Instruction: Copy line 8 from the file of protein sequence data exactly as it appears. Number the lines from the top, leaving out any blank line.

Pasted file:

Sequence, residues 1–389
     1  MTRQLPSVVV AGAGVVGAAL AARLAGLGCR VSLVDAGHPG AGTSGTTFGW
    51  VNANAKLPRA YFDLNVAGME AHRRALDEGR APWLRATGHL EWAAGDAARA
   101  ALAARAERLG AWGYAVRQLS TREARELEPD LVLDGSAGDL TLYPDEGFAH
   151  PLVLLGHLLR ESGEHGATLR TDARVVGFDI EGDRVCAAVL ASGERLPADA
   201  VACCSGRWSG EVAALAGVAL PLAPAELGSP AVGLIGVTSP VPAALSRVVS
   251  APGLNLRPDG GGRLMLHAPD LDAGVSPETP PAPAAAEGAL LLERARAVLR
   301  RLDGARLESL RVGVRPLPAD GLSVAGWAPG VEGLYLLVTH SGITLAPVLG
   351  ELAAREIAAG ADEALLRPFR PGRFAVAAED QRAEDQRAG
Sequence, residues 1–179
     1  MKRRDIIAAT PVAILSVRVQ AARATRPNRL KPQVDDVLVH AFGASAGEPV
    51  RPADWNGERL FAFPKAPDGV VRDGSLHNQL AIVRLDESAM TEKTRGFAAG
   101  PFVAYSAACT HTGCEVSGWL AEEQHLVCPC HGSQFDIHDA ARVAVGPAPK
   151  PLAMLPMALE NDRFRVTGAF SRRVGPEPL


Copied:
   301  RLDGARLESL RVGVRPLPAD GLSVAGWAPG VEGLYLLVTH SGITLAPVLG